From: Yellow30 Sci-Fi, FootNotes Reviewer, 08/29/2007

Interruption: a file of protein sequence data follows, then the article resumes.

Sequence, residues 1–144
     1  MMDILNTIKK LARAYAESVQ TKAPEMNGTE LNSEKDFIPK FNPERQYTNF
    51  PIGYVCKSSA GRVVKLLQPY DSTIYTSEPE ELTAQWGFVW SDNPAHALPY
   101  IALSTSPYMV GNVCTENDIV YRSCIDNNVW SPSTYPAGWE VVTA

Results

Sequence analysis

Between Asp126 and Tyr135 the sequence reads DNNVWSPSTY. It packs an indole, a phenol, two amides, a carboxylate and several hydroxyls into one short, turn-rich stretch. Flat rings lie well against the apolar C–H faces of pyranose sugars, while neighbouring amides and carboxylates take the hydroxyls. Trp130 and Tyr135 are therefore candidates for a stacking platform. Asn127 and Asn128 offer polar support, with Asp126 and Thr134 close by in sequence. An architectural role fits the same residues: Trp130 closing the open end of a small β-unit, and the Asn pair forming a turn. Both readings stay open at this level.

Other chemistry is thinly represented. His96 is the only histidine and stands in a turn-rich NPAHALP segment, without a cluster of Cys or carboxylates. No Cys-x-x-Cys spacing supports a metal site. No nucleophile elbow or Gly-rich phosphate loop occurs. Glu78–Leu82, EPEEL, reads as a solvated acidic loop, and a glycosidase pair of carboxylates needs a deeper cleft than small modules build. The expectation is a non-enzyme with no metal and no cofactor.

Riyan Borenson of the small village of Quillim is a shepherd boy. His best friend is Chadric Kelon, son of the village miller. Together they have all sorts of high spirited adventures, but only in their daydreams. Life is rather mundane for Riyan and Chad. Tending sheep and grinding grain does not make for high adventure no matter how they might wish otherwise. Yet despite the calm in the little hamlet, Riyan has managed to acquire an enemy. Rupert, son of the village magistrate, is determined to make Riyan life miserable no matter what. To add insult to injury Rupert even gets engaged to Freya, the girl who Riyan suddenly realizes he loves. Riyan distraught by this sudden announcement decides the best thing for him to do is take his sheep to some high pasture. There he will have time to sort things out, get over his anger and find a way to stop Freya from marrying Rupert. Meanwhile, Chad along with Bartholomew Agreani devise a plan to humiliate Rupert, but it only makes things worse for Riyan. Change is in the wind. Up in the high pasture, one of Riyan’s sheep goes astray. While looking for the lost sheep, he finds the lamb in a hole in the ground. Despite the trouble the sheep has caused him, Riyan also finds a coin which will bring him and his friends back to this same place a few days later. Riyan, Chad and Bart stumble upon an ancient burial tomb, which they later learn is the fabled King's Horde. Legend has it that this burial site holds a vast fortune. If Fate has brought them this far, Fate has also thrown them a curve. To gain access to the King's Horde, they must first recover the segments of the key that will open the inscribed portal. One fragment of the key they find within the ancient burial tomb in the hand of a long dead thief. Finding the other segment of the key will take them deep into hostile goblin territory and a place where even goblins fear to tread. Shepherd’s Quest is a fun, well paced novel that any Dungeon and Dragons gamer would love. It has all the elements of the game rolled into an adventure story about young lads looking for riches, fame and adventure. Parts of the book do get rather bogged down with the repetitive finding of chests, crypts and such. Once inside goblin territory the story picks up the pace and moves the reader right along with the uneasy, uncertain air that makes goblin territory so feared. Brian Pratt weaves a true Dungeon and Dragons type of story with this first book in the Broken Key Trilogy. Gamers should love this trilogy!